Common Weal director Robin McAlpine, a man who in travelling to meetings to make a radical left case for independence wears out his weight in shoe leather, said: “Please, I beg of you, understand what is actually in this report before you start calling it credible, well- researched or a step forward. I don’t believe it to be any of these. And what kind of independence is this anyway – rule by London markets via Charlotte Square finance sector viceroys?”
Or what about economist and former SNP MP George Kerevan, who in reviewing the Growth Commission report sounded a warning: “There are those who will not be enraptured by this document – the poor, the unskilled, and the working-class voters who want hope in their lives and might be persuaded that an independent Scotland will give it to them. These are the very voters Jeremy Corbyn is also appealing to.”
Or this, from Scotsman columnist Darren McGarvey: “If the big idea is simply to rebrand the fundamentals of the UK economy, so that independence becomes more attractive to those whose entrenched advantages are threatened by a radical alternative, well, that’s a very different proposition, isn’t it?”
These are not just straws in the wind. They represent a realisation amongst those who help shape nationalist thinking that Nicola Sturgeon’s strategy for obtaining independence may lock them into a form of central planning that delivers crony capitalism in a kilt.
These voices are not challenging independence itself but they are raising the question, much more vocally than we have heard or read before, that the current SNP leadership’s route to deliver it – and what it might actually deliver – must be doubted and debated. Before the Growth Commission’s report we occasionally heard the odd grumble, most usually from discontented Greens, about the SNP’s domination of the Yes campaign, but we now have a new landscape, one where an independent Scotland might not be what those on the radical left wished for. More troubling still, it may be worse than the status quo; it may end up creating a centrally-run Scottish state with all the vices of social injustice many campaign against but with a self-inflicted austerity that will see Scotland’s greatest growth industry be its food banks.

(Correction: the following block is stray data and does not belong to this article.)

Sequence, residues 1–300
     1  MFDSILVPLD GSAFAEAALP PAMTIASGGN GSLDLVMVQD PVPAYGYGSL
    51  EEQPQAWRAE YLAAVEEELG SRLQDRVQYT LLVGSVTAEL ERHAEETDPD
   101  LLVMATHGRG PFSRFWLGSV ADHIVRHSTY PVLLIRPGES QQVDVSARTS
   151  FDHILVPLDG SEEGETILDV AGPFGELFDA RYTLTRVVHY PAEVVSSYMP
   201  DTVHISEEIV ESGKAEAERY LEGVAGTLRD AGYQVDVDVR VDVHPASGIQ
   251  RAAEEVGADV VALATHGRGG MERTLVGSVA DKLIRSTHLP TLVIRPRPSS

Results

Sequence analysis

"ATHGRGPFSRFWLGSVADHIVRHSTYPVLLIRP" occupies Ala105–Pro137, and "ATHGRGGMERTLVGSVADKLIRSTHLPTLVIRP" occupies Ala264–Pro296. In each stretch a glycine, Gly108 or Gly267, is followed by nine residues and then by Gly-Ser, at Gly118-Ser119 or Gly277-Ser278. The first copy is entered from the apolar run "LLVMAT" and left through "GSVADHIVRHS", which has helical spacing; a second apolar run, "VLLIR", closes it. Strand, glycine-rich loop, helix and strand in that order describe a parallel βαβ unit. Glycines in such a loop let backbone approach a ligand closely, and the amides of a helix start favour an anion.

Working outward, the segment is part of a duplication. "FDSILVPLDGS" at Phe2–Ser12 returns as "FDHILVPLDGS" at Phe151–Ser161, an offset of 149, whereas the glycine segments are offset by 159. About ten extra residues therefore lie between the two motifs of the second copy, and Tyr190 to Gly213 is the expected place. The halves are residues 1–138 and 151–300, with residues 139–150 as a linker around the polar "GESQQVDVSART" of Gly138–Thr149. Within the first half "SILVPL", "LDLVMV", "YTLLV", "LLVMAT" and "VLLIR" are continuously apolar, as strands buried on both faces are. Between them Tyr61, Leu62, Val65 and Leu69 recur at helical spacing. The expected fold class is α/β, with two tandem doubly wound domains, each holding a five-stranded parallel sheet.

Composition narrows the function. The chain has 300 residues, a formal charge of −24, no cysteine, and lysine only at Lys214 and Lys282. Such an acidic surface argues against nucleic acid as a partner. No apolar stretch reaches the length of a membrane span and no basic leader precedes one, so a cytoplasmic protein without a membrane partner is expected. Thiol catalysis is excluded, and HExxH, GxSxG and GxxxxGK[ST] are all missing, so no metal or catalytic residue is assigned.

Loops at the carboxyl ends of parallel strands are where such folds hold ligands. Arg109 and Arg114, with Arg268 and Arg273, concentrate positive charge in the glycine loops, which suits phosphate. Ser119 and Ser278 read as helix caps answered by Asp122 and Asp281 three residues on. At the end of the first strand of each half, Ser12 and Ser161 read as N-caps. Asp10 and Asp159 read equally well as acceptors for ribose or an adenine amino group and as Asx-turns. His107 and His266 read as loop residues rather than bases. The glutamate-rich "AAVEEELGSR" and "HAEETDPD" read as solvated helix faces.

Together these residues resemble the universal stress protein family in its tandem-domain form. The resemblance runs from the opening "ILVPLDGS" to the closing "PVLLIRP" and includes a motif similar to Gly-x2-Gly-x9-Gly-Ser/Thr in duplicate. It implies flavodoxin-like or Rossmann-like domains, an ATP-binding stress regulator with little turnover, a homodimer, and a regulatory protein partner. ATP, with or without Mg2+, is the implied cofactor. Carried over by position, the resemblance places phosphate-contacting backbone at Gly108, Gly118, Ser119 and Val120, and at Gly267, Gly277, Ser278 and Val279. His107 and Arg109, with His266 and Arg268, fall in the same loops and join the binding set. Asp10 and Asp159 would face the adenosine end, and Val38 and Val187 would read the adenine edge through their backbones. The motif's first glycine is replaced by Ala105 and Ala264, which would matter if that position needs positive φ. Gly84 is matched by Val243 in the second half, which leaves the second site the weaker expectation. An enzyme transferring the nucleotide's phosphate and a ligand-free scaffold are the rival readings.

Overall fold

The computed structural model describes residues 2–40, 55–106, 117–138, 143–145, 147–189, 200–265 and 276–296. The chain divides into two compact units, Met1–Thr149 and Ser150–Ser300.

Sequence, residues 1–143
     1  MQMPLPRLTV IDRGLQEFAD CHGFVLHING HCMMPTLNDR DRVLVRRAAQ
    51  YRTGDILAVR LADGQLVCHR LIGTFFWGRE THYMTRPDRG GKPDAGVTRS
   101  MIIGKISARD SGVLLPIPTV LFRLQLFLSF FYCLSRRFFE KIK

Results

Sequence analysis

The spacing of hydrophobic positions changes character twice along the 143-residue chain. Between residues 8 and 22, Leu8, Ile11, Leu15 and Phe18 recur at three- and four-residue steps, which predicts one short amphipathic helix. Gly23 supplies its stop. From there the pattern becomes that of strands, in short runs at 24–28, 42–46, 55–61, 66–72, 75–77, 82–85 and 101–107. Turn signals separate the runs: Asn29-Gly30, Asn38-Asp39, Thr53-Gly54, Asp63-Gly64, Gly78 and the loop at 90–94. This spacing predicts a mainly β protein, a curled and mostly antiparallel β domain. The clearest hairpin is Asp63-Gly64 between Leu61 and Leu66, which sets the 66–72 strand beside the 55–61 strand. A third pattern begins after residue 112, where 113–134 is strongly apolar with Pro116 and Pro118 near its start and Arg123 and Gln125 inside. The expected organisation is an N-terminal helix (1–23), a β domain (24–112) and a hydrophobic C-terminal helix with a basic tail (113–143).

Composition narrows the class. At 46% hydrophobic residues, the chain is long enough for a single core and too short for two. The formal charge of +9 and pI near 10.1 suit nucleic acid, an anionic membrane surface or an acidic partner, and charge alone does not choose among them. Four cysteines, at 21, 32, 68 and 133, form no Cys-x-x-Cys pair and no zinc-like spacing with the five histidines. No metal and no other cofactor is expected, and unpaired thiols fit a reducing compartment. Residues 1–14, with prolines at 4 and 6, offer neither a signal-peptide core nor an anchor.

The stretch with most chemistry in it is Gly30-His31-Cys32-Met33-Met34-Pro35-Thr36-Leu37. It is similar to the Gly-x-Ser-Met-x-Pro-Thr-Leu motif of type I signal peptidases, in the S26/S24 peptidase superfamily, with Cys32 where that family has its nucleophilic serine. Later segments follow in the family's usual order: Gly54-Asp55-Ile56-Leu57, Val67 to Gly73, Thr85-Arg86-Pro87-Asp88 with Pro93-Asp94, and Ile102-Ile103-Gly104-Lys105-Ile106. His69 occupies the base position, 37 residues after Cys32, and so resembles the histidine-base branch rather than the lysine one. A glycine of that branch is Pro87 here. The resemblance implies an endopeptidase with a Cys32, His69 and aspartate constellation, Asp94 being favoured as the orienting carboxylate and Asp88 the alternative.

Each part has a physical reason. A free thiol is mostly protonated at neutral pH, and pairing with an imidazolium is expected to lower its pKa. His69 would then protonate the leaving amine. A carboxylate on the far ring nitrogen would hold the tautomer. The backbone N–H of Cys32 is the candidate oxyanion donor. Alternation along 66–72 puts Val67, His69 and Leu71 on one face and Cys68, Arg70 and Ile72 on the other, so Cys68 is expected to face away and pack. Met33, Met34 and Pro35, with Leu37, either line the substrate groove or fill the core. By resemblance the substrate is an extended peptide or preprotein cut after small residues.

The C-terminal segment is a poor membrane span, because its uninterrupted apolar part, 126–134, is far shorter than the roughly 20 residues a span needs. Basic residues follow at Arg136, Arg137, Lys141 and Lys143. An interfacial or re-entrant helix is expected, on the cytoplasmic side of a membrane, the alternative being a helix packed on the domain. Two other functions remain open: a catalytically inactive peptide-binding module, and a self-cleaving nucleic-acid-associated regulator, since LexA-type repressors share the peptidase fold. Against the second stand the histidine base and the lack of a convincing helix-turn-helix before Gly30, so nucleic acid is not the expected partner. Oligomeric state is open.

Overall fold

As I have argued in this column before, if one looks to Iceland, Norway, Denmark, and other smaller countries the SNP mentions in its justification for independence, they regularly have governments formed or led by conservative parties.
The shine is now coming off Nicola Sturgeon’s leadership of the SNP. She has made many ill-judged comments about the need for a second referendum that have rebounded on her and her party, causing the public to choose to vote for her opponents; she has conducted herself crassly with petty stunts, such as disrespecting Theresa May when she visited Bute House by displaying two saltires behind her rather than the flags of both governments as is protocol; and she has presided over a collapse of public service delivery and the defenestration of local authorities that her government is completely responsible for. All of this hurts the case for nationalism.
I do not expect the coming SNP conference will be anything other than a rally for Sturgeon, but I sense the tide is turning and the SNP’s domination of independence will never be the same.
l Brian Monteith is editor of ThinkScotland.org